—Sam and Alice Monarch
Recipe of the Month
Wild Turkey & Rice Casserole
6 cups cooked white rice
3 cans cream of mushroom soup
3 cups cooked wild turkey, diced
1 – 4 oz can sliced mushrooms
12 ounces swiss cheese, shredded
1 – 2 ½ oz can sliced black olives, drained
1 – 2 oz jar pimentos, chopped
¼ cup celery, chopped
½ tsp ground black pepper
1 tsp salt
1 tsp marjoram
½ tsp poultry seasoning
1 tsp onion powder
1 cup milk
Preheat Oven to 350 degrees.
Mix the soup, turkey, mushrooms, olives, pimentos, celery, pepper, salt, milk and other spices.
Stir in the cheese and rice. Pour into a 9” x 13” pan and place in oven to bake for 30 minutes. Let stand 10 minutes before serving.
From The Lab
Ballistics Lab Manager
This month, we put together a sort of “how-to” on basic scope mounting. This may be coming a little late, as this hunting season we’ve spoken with many people who have had problems because they did not follow a good scope mounting procedure. Here’s one that works well for us.
As with any job, make sure you have all the correct tools needed before you start. Without the proper tools it will not be done right. The items needed are pictured below.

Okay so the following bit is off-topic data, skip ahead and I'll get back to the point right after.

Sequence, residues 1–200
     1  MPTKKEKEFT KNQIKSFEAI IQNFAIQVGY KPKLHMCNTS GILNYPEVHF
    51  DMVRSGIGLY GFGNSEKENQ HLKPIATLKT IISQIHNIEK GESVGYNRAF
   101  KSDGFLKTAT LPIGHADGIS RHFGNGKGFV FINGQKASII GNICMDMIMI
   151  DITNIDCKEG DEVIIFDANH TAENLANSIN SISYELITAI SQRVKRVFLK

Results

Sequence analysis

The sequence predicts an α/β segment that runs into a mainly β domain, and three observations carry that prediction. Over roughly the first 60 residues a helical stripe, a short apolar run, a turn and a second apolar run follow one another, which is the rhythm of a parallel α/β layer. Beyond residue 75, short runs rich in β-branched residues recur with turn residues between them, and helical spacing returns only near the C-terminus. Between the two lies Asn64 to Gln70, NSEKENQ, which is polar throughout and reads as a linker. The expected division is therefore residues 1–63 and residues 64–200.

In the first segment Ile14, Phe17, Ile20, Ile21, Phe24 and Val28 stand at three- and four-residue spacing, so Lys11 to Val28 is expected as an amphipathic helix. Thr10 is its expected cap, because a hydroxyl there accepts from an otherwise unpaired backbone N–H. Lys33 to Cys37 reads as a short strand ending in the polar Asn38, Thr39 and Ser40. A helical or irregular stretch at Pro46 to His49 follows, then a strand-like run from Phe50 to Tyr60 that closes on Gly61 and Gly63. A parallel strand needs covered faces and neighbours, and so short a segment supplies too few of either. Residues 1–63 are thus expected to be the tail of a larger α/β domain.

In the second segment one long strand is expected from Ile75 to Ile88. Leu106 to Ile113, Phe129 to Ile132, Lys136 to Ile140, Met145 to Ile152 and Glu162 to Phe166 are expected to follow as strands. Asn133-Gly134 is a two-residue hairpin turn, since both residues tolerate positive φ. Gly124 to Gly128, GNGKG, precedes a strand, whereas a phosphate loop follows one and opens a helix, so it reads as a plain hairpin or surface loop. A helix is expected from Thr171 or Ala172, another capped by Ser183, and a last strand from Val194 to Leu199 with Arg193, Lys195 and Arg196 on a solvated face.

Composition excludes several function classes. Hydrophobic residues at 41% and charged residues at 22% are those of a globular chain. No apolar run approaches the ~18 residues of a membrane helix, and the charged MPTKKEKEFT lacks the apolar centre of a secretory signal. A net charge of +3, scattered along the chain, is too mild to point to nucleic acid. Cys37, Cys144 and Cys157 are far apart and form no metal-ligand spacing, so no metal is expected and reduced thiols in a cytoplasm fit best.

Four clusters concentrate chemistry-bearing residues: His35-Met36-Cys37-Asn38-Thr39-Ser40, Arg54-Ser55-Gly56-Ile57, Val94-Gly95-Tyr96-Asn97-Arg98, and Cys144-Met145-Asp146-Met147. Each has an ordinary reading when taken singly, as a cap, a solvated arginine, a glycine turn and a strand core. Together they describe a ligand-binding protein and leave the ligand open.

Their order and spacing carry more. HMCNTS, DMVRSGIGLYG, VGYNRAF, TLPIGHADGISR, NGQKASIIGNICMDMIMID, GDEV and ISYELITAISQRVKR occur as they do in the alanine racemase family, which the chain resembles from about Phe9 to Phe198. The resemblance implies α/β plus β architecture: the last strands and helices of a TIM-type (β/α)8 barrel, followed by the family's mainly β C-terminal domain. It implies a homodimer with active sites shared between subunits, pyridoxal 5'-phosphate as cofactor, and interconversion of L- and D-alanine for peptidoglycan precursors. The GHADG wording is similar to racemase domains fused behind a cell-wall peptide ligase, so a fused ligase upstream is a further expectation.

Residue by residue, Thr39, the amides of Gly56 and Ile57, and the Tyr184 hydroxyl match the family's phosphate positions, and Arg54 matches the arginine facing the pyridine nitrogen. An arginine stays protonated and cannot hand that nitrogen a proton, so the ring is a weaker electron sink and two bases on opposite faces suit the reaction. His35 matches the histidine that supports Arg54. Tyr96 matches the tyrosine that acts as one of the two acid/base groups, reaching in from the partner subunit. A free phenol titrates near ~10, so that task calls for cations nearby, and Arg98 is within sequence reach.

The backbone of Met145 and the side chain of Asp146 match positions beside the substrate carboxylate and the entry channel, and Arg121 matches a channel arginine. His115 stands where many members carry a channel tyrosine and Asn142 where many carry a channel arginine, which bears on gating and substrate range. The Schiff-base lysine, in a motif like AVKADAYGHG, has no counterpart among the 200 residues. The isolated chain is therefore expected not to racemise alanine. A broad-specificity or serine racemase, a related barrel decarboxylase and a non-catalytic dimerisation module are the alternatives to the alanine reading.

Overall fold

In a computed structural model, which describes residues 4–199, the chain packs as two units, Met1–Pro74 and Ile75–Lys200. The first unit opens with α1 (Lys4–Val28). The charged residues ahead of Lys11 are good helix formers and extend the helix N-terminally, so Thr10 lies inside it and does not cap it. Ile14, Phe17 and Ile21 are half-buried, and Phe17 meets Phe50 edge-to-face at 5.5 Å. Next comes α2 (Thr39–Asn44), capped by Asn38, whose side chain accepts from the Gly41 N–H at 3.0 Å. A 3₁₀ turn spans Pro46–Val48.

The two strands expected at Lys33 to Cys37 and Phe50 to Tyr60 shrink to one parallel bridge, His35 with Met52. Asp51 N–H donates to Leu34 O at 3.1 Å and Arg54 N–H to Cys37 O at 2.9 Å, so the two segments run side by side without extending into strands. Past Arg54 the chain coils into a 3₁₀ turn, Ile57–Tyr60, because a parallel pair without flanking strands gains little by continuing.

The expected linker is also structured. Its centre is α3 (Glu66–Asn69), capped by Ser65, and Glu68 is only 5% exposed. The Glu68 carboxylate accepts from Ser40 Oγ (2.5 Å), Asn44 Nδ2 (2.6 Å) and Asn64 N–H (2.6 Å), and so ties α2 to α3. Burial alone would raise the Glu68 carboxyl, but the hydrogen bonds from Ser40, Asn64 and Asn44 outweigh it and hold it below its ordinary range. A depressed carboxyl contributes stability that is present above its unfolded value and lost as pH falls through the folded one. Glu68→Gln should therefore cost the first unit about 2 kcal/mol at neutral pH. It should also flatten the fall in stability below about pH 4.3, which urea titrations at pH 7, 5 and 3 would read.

Pictured from left to right: a good screwdriver set, torque driver that measures in inch-pounds, scope ring alignment rods, lapping bar, lapping compound, thread locker. You will also need a good rest or vise.
Step 1: Make sure you have the correct rings and bases for your platform and application.
Step 2: Mounting the bases. Make sure the bases and action are clean. Apply a small amount of thread lock on the screws. Torque the screws to the manufacturer’s recommendation.
Step 3: Aligning and lapping the rings. This is a step that is frequently overlooked. Mount your rings with the alignment bars placed inside them as pictured below.
The sharp point at each end of the bars will ensure the rings line up as close as possible. Some rings will be right on, but it has been our experience that some will be slightly off. Adjust as needed and be precise.
Remove the alignment bars and insert the lapping bar as shown below.
Tighten the rings so the lapping bar is snug, but still moves with a little pressure. Apply some lapping compound and start working the bar back and forth. Always remember when lapping that “a little is a lot.”
When the lapping process is complete, the rings should look something like those pictured below. Notice the areas where material was taken off. This is the reason for aligning the rings as precisely as you can.